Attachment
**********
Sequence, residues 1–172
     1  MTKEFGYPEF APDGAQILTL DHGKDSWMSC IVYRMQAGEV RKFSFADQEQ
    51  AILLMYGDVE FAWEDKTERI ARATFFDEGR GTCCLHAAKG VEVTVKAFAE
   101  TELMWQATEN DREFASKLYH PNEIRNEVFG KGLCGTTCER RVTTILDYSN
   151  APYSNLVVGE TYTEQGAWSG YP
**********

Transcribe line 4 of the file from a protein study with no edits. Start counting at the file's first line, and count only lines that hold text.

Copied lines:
   101  TELMWQATEN DREFASKLYH PNEIRNEVFG KGLCGTTCER RVTTILDYSN